Chytridiomycosis in Sri Lanka: Predicting the future of a global amphibian hotspot

Article


de Mel, Ruvinda K., Dayananda, H. G. Salindra K., Wijayasekara, G. A. Sanoj, Ranasinghe, Tharindu, Sumanapala, Amila P. S, Cabral de Mel, Surendranie Judith, Narayan, Edward, Gabadage, Dinesh E. and Ukuwela, Kanishka D. B.. 2023. "Chytridiomycosis in Sri Lanka: Predicting the future of a global amphibian hotspot." Aquatic Conservation: Marine and Freshwater Ecosystems. 33 (8), pp. 773-783. https://doi.org/10.1002/aqc.3951
Article Title

Chytridiomycosis in Sri Lanka: Predicting the future of a global amphibian hotspot

ERA Journal ID4150
Article CategoryArticle
Authorsde Mel, Ruvinda K., Dayananda, H. G. Salindra K., Wijayasekara, G. A. Sanoj, Ranasinghe, Tharindu, Sumanapala, Amila P. S, Cabral de Mel, Surendranie Judith, Narayan, Edward, Gabadage, Dinesh E. and Ukuwela, Kanishka D. B.
Journal TitleAquatic Conservation: Marine and Freshwater Ecosystems
Journal Citation33 (8), pp. 773-783
Number of Pages11
Year2023
PublisherJohn Wiley & Sons
Place of PublicationUnited Kingdom
ISSN1052-7613
1099-0755
Digital Object Identifier (DOI)https://doi.org/10.1002/aqc.3951
Web Address (URL)https://onlinelibrary.wiley.com/doi/10.1002/aqc.3951
Abstract

1. Chytridiomycosis, caused by Batrachochytrium dendrobatidis (Bd), constitutes a major threat to many amphibian species worldwide. Predicting the species and regions of highest geographical risk is critical for the early detection and mitigation of chytrid emergence.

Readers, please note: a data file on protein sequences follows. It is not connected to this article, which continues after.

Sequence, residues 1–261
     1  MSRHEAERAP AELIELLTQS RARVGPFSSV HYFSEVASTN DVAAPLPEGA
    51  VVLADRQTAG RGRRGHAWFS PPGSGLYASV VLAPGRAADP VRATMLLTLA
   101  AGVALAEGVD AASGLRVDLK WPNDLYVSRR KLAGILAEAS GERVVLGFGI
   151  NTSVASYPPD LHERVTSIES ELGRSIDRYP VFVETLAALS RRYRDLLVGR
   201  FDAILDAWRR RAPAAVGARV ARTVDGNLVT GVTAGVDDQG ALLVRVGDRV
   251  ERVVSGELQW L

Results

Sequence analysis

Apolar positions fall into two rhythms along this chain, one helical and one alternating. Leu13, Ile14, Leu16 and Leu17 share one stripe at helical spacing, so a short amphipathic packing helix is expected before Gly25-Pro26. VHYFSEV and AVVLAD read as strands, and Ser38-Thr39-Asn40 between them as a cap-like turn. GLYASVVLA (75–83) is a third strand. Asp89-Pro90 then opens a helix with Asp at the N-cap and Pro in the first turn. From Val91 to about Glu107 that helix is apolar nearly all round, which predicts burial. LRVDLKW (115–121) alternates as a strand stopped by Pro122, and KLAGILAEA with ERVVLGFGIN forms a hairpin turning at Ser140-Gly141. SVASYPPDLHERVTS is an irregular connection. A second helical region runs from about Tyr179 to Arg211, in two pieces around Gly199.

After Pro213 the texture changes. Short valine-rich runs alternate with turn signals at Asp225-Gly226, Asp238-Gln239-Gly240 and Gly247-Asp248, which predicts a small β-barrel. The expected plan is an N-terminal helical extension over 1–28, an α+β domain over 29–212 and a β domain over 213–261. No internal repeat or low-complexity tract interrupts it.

2. In this study, using a niche modelling approach, the most conducive habitat for Bd within Sri Lanka (a high-risk zone) was modelled. The distribution of 69 amphibian species was then modelled and their overlap with the high-risk zone (areaBd) was calculated.
3. Using areaBd and a biotic index (BI), created using ecological traits of each species, a risk index (RI) was calculated. Using this RI, a high-risk species index (HRSI) was developed to identify the species most at risk.
4. The results indicate that the high elevations of Sri Lanka (>600 m a.s.l.) are highly conducive for Bd. The HRSI includes 35 species, with Minervarya greenii being the species most at risk. All species in the HRSI are globally Critically Endangered (n = 14) or Endangered (n = 21).
5. We propose active conservation measures such as the routine monitoring of HRSI species and other proactive measures to identify and prevent the spread of Bd. We believe our findings would promote the establishment of pre-emptive mitigation measures both within Sri Lanka and elsewhere, to counter the threat of chytridiomycosis and to conserve amphibian species.

Keywordsamphibians
ANZSRC Field of Research 20203099. Other agricultural, veterinary and food sciences
Byline AffiliationsUniversity of New England
National Institute of Fundamental Studies, Sri Lanka
Guangxi University, China
University of Colombo, Sri Lanka
Foundation for Ecology and Research on Nature, Sri Lanka
Butterfly Conservation Society of Sri Lanka, Sri Lanka
Institute for Life Sciences and the Environment
University of Queensland
Biodiversity Conservation Society, Sri Lanka
Rajarata University, Sri Lanka
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